Seth can be heard on recent CD releases by the Skyla Burrell Blues Band, the Swing States Road Show, folksinger John Simon, The Civil Air Patrol Band, American Song, The Hot Kugel Klezmer Band, guitarist David Kitchen, boogie-woogie pianist Daryl Davis, blues guitarist Eugene “Hideaway” Bridges, jazz vocalist Esther Haynes, and flamenco guitarist Gerard Moreno. Since 2002, he has been on the faculty of the ElderHostel program at the Peabody Conservatory in Baltimore. He has also lectured extensively on klezmer, jazz, swing, the big band era, and other related musical topics at Peabody, Goucher College, and elsewhere.
Seth's primary instruments are the clarinet, saxophone (alto, tenor, and baritone), and flute. He has, however, been known to make some noise on harmonica, recorder, guitar, piano, and accordion. In his eight years as a professional musician, Seth has performed for numerous private affairs, such as receptions, weddings, and Bar/Bat Mitzvahs, all across the country. Whatever your affair, Seth will work with you to put together the right ensemble. References available upon request.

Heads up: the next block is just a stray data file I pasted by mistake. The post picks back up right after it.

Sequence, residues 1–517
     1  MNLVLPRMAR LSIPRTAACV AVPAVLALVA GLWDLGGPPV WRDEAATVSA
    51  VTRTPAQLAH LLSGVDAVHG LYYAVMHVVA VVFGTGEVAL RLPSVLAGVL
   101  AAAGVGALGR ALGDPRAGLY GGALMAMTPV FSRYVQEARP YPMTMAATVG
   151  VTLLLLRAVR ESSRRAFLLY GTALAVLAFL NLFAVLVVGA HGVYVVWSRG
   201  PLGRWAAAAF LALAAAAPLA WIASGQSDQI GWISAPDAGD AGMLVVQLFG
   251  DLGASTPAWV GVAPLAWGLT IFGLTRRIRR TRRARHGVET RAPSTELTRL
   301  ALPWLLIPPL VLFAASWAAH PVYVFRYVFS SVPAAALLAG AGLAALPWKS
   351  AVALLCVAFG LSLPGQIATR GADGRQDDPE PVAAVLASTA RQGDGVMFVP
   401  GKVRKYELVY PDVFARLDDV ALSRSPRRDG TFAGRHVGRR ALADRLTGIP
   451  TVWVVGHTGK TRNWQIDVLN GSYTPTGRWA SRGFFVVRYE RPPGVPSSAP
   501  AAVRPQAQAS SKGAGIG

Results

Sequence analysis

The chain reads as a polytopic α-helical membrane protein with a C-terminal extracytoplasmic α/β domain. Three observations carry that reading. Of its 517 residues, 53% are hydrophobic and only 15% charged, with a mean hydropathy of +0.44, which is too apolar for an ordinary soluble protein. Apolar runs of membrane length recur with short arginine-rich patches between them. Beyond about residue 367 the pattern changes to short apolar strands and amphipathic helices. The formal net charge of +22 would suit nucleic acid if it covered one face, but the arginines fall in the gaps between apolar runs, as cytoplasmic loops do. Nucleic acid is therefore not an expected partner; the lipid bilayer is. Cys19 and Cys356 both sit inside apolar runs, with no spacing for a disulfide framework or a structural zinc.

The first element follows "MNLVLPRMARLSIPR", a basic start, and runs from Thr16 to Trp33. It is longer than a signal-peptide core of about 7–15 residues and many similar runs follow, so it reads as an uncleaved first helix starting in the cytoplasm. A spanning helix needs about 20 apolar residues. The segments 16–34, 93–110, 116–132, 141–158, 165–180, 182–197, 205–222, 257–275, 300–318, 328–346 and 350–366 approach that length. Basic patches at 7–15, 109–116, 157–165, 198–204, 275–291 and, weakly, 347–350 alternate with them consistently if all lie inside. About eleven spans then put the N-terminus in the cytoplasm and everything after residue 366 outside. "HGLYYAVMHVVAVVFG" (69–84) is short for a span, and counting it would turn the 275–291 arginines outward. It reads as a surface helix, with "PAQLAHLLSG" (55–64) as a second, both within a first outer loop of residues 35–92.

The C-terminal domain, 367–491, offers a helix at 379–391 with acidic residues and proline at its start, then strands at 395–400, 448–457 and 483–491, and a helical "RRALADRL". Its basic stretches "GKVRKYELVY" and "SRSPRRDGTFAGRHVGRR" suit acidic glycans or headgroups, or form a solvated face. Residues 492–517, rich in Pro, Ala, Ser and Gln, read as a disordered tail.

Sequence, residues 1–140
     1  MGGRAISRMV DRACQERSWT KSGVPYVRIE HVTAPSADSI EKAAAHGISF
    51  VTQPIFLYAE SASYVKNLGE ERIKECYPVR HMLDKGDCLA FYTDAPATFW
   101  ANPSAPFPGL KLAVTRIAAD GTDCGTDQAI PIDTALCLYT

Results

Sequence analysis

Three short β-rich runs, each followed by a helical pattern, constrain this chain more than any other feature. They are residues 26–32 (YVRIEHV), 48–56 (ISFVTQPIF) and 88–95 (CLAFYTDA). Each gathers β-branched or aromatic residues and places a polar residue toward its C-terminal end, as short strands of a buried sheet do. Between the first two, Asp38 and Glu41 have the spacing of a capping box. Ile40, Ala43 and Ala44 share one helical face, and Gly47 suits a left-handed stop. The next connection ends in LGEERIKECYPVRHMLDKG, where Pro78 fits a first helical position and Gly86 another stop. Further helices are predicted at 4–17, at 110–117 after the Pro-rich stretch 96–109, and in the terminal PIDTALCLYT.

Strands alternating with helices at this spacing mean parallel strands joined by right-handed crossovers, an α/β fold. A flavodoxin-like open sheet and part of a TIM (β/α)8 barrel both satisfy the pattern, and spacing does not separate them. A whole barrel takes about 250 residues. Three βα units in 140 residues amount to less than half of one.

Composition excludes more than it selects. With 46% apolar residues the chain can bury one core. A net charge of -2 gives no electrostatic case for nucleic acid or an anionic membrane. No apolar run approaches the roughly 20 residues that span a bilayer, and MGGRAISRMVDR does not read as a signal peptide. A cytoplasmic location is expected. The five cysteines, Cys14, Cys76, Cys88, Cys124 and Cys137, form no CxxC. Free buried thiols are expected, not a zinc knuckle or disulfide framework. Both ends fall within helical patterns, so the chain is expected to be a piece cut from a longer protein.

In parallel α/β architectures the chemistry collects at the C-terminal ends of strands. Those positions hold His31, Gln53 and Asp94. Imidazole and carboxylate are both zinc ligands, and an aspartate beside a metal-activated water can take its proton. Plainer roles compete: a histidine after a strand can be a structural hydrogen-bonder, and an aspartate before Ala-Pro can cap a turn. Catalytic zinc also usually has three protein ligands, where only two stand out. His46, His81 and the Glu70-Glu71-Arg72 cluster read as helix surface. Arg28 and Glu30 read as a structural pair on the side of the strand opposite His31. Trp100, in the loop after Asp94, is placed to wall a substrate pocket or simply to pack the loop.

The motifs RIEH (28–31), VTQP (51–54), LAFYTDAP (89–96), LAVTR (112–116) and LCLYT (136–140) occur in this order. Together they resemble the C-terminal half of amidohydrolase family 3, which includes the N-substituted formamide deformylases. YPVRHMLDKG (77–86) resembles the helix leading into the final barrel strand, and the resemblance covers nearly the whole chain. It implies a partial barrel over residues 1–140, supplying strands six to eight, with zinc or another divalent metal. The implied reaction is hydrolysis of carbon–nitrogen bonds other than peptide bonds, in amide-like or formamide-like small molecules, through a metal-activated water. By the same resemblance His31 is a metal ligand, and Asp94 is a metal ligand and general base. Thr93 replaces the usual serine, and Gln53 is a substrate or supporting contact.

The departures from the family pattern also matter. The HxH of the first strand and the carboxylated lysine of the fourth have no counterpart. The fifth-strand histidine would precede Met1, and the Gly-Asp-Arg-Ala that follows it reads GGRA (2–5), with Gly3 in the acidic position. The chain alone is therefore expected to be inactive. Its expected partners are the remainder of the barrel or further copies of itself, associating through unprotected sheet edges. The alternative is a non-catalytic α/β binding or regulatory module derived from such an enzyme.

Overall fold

Now, you might have been encountered some difficulties as you worked with those low notes we just went over. As you got lower and lower on the saxophone, some of them may have not sounded quite right. They may have gone high like that. They may have done some kind of awful squawking; those kind of sounds. They kind of manatee and a Haiti type of noise. Well, low notes are a real difficult thing on the saxophone. They are peculiar area of the instrument and they are very hard to get out, especially for a beginner but there are some things you can do to help you in this process. First of all, as I mentioned before, make sure, you push those keys down completely. If any of those pads, any of those key covers start to creep up even a little bit, the notes are not going to sound right, but there are three key things you can do to help low notes come out better. Number one- keep the reed nice and moist. For a reed to vibrate properly and make the sound; it needs to be wet. That is why we wet it up before we put it on the saxophone and that is why you will often see sax players slobbering up the horn. In fact, if you have not played in a while, if the reed is really dried out, you may have to take it off the mouthpiece to properly wet both sides of it again but when a reed starts to dry out, the low notes are going to be one of the first things to go. So, that is one thing you can do to help these low notes come out. Number two is loosen the embouchure, meaning this, try not to bite as hard with your lower teeth through your lower lip. Try to be a little gentler. The lower you go, the looser the embouchure should become. If you play a low note and start biting harder, start tightening your embouchure, you will see, it goes high. Also, it is ugly, sounds like that. Finally, the third thing you can do to help low notes come out better is use more air. The lower you go on the saxophone, the more keys you cover. You are basically making the effective instrument longer by covering more holes. Since, it is a longer, bigger instrument you need more air to fill it up. So, you are going to have to use a lot more air to play those low notes. So, remember those three things; keep the reed moist, loosen the embouchure, use more air. The lower you go on a saxophone, the more you are going to need to do all three of those things. Next, let us talk about breathing because I am willing to bet, by now, you are starting to feel a little out of breathe.